We’re doing a similar 2.5 week trip to see family this summer with older elementary kids. We usually bring sneakers, canvas slip ons, and athletic slides rather than Keens. They only really like Keens for wet hiking trips. For a regular beach they are stereotypical tweens and prefer slides or even flip flops so it’s easier to get them on and off, and they double as a quick errand type of shoe if needed.
We only ever use the canvas slip ons if we get caught in a downpour or something, but it’s nice to know we have a well-fitting, broken in alternative if we need it.
More Sleep Would Be Nice says
Well, today was the straw that broke the camel’s back. After working 60+ hour weeks since February, I come back today (after a long weekend away) to work and get a call from my boss at 8:30 AM telling me essentially how she’s struggling because she is being given growth opportunities that she feels like she can’t even pursue them because I’m not strong enough (paraphrasing) in the areas she needs me to be. I get this may just be fit, but I’m so tired of being told I’m “nice”, “helpful”, “high energy”, but not good enough. I was clear on my experience and expertise when I started this job, and they clearly need someone with a slightly different skill set. It’s a big job but I don’t get paid enough for this type of pressure.
Those who saw this coming, thank you. You were right. I’m now actually going to re-focus on finding something new and my exit strategy vs. trying to make this work.
Oh no, More Sleep! It does seem like a situation you’re not going to be able to win, so a graceful exit to something better sounds like a plan. How awful though!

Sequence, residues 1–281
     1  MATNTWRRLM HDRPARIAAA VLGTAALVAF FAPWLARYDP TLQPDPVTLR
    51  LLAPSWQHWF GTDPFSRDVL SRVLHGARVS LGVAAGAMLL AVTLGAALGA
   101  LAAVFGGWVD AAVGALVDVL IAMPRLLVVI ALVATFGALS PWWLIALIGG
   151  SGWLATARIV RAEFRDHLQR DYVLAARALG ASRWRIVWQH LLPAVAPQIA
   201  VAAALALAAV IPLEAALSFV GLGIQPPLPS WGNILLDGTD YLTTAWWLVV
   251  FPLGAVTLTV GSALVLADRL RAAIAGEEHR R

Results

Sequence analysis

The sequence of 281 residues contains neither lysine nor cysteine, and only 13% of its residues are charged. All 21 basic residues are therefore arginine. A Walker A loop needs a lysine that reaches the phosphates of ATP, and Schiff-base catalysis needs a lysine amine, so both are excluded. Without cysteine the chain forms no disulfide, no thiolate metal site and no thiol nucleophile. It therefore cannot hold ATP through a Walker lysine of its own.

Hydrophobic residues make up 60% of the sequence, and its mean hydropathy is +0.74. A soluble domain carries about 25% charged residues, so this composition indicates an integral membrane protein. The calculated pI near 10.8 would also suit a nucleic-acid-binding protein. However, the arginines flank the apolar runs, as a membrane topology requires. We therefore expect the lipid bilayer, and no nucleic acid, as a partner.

Sorry this continues to happen but if you’re doing anything other than applying for new jobs you’re wasting your time.
Oh no. I’m sorry. Here to give you the pep talk to take your ‘nice’, ‘helpful’, ‘high-energy’ personality, skill set and experience somewhere else that actually values you for what you’re worth and makes full use of your talents. (Also, wow, a wee bit toxic of your boss to make it all about herself?)
Thank you. Yes, it’s quickly become (or perhaps always was and I didn’t let myself realize it) a toxic work environment with a sprinkle of culture of fear (for me at least, I hope this isn’t others’ experience).
That’s super inappropriate for her to make it your fault that she’s struggling. I mean I have employees who actually ARE the reason I’m struggling, but I don’t phrase it that way to them at all. It’s my job to get that person to the point where they can do the things I need them to do, not for me to guilt trip them. Also “good enough” is super vague feedback and also really unhelpful. Sounds like a not great manager tbh.
Yeah, I mean there is a specific area she wants me to grow in, which I think I have, but clearly it’s not been enough for her perception of the person in the role. And I literally cannot do anymore than I am already doing, so something’s gotta give.
Daycare bought says
Ugh, I need to vent. A big chain (Cadence Education) bought our beloved daycare a year and a half ago and it has been such a total disaster. Things aren’t being fixed at the facility, they chronically understaff the classes, and nearly all of the teachers that were there previously have left. There’s no way to contact anyone at the corporate level, even though the corporate people are calling the shots about how many teachers are allowed to be hired, etc. It’s so frustrating as there are very limited non-Cadence options in our area (they bought 10+ daycares). I really don’t want a nanny due to WFH, but I don’t know what we are going to do.
Ugh, I’m sorry.